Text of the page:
Only two former number-one picks have retired from the game without reaching the big leagues: catcher Steve Chilcott, taken by the Mets in 1966, and left-hander Brien Taylor, the Yankees’ top choice in 1991. Both players’ careers were derailed by injury, though Chilcott’s performance, even when healthy, inspired little confidence in his major-league future. Taylor, on the other hand, quickly established himself as an elite prospect before tearing the labrum in his left shoulder during an altercation in December 1993. Rehabilitation cost Taylor the 1994 season, not to mention eight miles an hour from his fastball, and the arm that changed the draft never realized the potential of what some consider the greatest high school pitcher they’ve ever seen.
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Ronnie Belliard and Luis Hernandez head for Triple-A, Brandon Belt breaks camp with the big squad, and Matt Holliday loses an appendix but keeps a roster spot.
By my count (or more accurately, Rob McQuown’s), Christina Kahrl has devoted 952 articles to analyzing transactions, and that’s probably selling her short, since our database doesn’t go back quite as far as her byline. In the first Transaction Analysis entry that I could find, Ozzie Guillen appears not as a manager, but as a shortstop and the owner of an exceedingly low OBP; given that Guillen has just entered his eighth season at the helm of the White Sox, it’s clear that Christina has been at this for some time, and unlike Guillen, she didn’t overstay her welcome before shifting to a new role.
With Opening Day a little more than a week away, here is a look at the projected rosters for each of the 16 National League clubs following conversations with club executives and media members. Keep in mind these are projected rosters and subject to change. American League lineups are here. You can also look at the fantasy depth charts at any time to see our latest updated projections.
The king of Three True Outcomes discusses his former teammates, his experiences in the game, and a memorable Easter Sunday blast.
Russell Branyan and Jack Cust are challenging his legacy, but until their career stat lines are finalized, Rob Deer reigns as the king of Three True Outcomes. With 230 home runs, 575 walks, and 1,409 strikeouts in 4,512 plate appearances, Deer has a TTO rate of 49.7, a percentage unmatched in big-league history. A legendary slugger in multiple statistical categories, Deer hit .220/.324/.442 in a career which saw him strike out once every 2.75 at-bats-also a big-league record among retired players-and register the lowest batting average of any outfielder with over 2,000 at-bats. Despite the negatives, Deer did three things well: propel majestic home runs, draw walks, and play a well-above-average right field. A minor league hitting coordinator in the Padres' organization for seven years after his playing days, Deer currently runs his own business, Vizubat. Deer talked about his time in the game, including notable teammates, his unique standing in historic annals, and a memorable home run on Easter Sunday.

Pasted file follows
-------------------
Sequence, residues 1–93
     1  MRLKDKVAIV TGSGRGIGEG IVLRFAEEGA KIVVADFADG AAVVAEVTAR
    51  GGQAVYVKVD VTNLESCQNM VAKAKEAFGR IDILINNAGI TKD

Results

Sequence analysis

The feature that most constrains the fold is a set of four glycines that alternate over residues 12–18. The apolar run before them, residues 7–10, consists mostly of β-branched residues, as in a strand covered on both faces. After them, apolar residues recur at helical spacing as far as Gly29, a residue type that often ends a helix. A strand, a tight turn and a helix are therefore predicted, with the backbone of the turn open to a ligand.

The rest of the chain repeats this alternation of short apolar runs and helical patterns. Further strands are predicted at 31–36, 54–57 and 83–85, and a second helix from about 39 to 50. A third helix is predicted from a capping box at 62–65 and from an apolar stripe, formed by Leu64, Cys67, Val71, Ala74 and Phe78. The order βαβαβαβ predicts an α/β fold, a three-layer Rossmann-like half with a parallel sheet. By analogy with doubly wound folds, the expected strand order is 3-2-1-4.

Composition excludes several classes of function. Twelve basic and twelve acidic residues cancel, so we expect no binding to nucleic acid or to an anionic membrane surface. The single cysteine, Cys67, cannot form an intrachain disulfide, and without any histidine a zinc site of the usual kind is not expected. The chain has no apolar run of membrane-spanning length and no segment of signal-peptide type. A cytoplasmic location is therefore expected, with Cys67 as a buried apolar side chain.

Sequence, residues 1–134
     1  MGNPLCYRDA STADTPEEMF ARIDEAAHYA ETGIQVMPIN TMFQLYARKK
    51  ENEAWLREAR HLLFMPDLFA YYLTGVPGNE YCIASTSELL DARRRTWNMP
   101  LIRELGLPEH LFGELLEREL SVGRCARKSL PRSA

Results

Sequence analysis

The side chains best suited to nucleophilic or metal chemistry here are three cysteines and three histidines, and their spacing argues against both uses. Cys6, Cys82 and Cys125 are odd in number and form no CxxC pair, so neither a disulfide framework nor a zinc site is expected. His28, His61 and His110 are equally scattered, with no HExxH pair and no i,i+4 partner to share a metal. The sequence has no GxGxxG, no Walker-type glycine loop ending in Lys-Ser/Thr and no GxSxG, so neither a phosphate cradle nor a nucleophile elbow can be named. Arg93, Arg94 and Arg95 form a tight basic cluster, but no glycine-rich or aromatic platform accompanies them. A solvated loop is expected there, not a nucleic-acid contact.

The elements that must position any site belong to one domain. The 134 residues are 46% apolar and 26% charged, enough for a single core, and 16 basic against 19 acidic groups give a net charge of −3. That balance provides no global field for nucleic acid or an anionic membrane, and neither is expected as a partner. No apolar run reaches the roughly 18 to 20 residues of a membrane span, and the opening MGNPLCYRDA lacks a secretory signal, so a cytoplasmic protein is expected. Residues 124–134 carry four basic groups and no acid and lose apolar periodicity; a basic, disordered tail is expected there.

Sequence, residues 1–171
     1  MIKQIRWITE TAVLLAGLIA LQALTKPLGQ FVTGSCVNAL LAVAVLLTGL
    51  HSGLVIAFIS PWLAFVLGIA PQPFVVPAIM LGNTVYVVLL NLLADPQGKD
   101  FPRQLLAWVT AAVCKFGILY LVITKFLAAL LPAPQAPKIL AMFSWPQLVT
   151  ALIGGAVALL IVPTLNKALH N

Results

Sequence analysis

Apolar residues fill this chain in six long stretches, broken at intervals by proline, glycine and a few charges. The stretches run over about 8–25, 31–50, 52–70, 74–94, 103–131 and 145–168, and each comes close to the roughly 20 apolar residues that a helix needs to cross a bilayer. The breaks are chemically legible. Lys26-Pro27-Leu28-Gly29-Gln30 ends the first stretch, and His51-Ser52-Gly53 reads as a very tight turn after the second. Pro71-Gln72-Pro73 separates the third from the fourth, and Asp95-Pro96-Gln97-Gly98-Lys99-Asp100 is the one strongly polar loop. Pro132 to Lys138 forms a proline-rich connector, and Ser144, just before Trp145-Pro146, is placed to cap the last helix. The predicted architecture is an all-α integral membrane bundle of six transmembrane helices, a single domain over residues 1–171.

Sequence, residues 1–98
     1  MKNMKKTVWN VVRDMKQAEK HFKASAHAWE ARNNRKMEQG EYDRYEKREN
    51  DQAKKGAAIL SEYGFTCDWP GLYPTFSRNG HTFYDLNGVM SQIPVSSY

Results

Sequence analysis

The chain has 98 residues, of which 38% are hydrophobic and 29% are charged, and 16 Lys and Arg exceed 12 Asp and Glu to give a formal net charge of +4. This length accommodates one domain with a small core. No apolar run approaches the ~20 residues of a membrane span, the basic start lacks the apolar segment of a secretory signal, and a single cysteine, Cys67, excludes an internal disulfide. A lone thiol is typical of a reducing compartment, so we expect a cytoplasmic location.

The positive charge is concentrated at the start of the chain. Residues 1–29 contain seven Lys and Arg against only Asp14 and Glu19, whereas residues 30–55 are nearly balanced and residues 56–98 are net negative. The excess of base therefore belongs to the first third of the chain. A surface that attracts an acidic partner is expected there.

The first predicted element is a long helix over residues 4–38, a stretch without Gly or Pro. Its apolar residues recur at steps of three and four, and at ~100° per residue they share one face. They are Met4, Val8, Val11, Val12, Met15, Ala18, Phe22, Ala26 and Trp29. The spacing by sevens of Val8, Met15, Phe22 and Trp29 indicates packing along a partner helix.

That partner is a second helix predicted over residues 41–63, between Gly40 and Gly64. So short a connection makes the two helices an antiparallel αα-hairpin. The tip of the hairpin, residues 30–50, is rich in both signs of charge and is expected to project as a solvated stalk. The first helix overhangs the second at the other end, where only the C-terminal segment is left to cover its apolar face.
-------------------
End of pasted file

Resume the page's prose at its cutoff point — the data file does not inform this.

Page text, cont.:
The exchanges in the senior circuit's edition of the mild, mild West leaves the Giants as this winter's big players within the division.
Coming off of a year in which the division ranked as one of the weakest of the Wild Card Era, the NL West has been hit by hard economic times this winter to at least the same degree as the NL Central. As in that division, the result has been an exodus of talent via departing free agents and salary-conscious trades. Among the West's five teams, only two have signed a free agent to a deal worth more than $10 million, and only one has signed an incoming free agent (i.e., one coming to a new team) to a contract worth $8 million or more.
The Doctor returns with a look at the draft history of high school and college pitchers, to see if we can learn a few things about pitching value.
Pos Years 1st Rd 2nd Rd 3rd Rd Overall Busts
COL LHP 84-91 - 4.4% + 54.7% +133.4% + 21.5%
COL LHP 92-99 - 7.3% + 61.1% + 15.0% + 8.0%
COL LHP 84-99 - 5.8% + 57.8% + 82.4% + 15.2%
Years Biggest Bargains Biggest Busts
84-91 Jim Abbott, Greg Swindell Drew Hall, Kyle Abbott
92-99 Barry Zito, Randy Wolf B.J. Wallace, Jeff Granger
Note that the two most valuable draft picks from 1984 to 1991 are notRandy Johnson, who was third on the list. Johnson is a future Hall of Famer, but was not a full-time starting pitcher in the major leagues until four years after he was drafted, and didn't become RANDY JOHNSON until 1993. And of course, along the way he was traded by the team that drafted him, the Montreal Expos, essentially for four months of Mark Langston. The point bears repeating: the sooner a draft pick renders his value, the less likely the team that drafted him will have already given him up for pennies on the dollar.